Job Ended Badly? Here’s How To Explain It

Have you ever had a bad experience leaving a job? Sometimes leaving a job can happen in a negative way, such a being fired or feeling so frustrated you quit on the spot.

It’s not always easy to talk about, and if you’re looking for a new role, you may be concerned about how you can handle any tricky questions or potential consequences that come from leaving your old job.

Here we have included some advice from SEEK to help you.

Leaving a job can be difficult
If you’ve found yourself leaving a job in less-than-ideal circumstances, you’re not alone. Almost a third of people (31%) have left a job without any back-up plan, research for SEEK has found, while 14% of people say they’ve been fired from a job.

It’s not uncommon to have to quit in a hurry, with almost 1 in 5 people saying they have spontaneously quit because they felt too angry or frustrated. Interestingly, 62% of these people believe it resulted in a better outcome for them.

Should you include the job on your resume?
Around 3 in 5 people who’ve been fired or quit in frustration say they wouldn’t include that job in their resume, nor would they mention it at a job interview.

Career coaches consulted by Seek state it’s best to include the job on your resume. “Unexplained gaps on resumes are never looked upon favourably, and you do not need to include your specific reason for leaving on your resume,” says Graham Wynn.

Leah Lambart agrees that it’s better to be upfront about a role, rather than worrying that you’ll be caught out, even if you made a mistake. “I would always encourage people to be upfront and honest about previous work experience that possibly ended badly,” she says.

Should you talk about it to potential new employers?
If you’re in an interview, openness and honesty are still important, but don’t let what went wrong with your last role take over the whole conversation.

Employers will typically ask ‘why did you leave your last job?’ and Lambart says your answer doesn’t have to focus on explaining the circumstances you left in. Instead, she recommends making a statement about the role you’re going for.

You might be asked specifically about the circumstances that led to you leaving. Be careful not to be too negative towards your employer, Wynn says, recommending you take emotion out of the response and simply state the situation that arose.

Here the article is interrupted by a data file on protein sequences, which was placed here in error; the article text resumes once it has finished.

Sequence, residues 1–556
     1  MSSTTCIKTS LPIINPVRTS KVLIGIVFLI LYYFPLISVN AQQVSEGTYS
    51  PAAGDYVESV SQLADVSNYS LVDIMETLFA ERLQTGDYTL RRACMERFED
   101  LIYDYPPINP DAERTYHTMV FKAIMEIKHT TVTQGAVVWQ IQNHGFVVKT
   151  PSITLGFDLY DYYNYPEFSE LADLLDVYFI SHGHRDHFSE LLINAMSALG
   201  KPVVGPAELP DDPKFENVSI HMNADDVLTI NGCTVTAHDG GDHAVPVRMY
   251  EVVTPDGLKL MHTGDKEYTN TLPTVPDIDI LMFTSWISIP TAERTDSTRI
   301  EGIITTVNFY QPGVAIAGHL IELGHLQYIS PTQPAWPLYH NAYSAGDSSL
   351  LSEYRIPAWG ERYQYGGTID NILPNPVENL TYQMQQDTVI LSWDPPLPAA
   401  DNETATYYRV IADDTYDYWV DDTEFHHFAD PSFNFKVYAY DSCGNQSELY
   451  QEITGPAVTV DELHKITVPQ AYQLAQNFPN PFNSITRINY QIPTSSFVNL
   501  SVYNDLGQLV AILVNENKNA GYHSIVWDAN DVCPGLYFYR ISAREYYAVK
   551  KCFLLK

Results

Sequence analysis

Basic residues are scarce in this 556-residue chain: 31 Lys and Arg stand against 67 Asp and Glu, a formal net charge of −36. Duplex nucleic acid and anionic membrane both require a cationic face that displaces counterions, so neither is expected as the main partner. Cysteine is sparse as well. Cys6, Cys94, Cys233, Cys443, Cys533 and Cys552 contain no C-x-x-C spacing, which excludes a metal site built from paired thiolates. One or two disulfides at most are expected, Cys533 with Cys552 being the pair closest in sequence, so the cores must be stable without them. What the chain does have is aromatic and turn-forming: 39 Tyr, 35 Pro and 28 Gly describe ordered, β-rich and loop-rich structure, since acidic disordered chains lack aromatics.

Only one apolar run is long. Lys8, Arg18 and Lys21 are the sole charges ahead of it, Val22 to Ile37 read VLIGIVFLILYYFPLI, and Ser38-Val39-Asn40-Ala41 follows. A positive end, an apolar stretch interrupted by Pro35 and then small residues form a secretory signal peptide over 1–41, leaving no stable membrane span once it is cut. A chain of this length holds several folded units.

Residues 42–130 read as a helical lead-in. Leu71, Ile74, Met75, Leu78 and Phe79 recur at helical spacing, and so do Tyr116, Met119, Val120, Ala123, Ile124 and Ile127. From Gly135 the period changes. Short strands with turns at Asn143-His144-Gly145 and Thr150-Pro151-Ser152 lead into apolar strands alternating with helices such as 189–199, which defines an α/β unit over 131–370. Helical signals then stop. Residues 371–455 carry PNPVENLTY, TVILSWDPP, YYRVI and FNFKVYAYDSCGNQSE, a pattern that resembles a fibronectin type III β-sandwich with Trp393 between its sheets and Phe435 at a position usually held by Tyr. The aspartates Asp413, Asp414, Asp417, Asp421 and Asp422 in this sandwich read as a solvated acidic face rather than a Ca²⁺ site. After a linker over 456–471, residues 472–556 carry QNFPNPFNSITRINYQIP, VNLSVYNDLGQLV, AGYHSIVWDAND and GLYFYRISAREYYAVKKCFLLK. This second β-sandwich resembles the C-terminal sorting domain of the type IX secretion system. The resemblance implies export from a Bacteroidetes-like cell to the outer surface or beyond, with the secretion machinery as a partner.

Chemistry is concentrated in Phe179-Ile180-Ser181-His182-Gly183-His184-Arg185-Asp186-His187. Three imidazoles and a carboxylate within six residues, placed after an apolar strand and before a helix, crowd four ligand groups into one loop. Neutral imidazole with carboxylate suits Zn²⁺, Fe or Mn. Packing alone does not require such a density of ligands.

If you were in the role you left for a substantial period, it’s a positive sign for employers regardless of what led to your swift departure, Wynn points out. “It indicates your performance overall would likely have been satisfactory, and something must have happened or changed to make you resign or lose your job,” he says.

How you can highlight the positives
The key to turning a potential red flag into a positive in your interview is to focus on how you have grown from the experience professionally. Wynn says this could also be an opportunity to show that you see how the situation could have been avoided or improved, whether that’s through additional training, or perhaps a better process for resolving conflict.

Lambart says it’s important to show that you’ve reflected on the experience, learned from it, and taken specific actions to prevent it from arising again.

Being honest – but brief – is often best
Whether it’s in your application or an interview, it’s important not to put too much focus on a job that you had a bad experience leaving.

“Employers are much more understanding of people leaving workplaces if the job is not right for them,” Wynn says. “To lie would be worse, as the real reasons for your leaving could be discovered through reference checking.”

If an employer does ask for more information, simply and honestly explain the circumstances that were less than ideal, without over-explaining or justifying the situation. Focus on other, more positive roles you’ve had, and what you’re aiming for in the new role.

Being able to recognise an issue and come up with possible solutions is a soft skill that employers value, so showing that you’ve learned from the experience can be worthwhile. By practicing this approach and how you’ll answer potential questions, you can build up your confidence and be better on track to landing your next role.

For anyone requiring assistance with an upcoming interview, or specifically addressing situations like those described in the article, we offer interview coaching as one of our services.

Source: Independent research conducted by Nature of behalf of SEEK, interviewing 4800 Australians annually. 

Article originally published with SEEK

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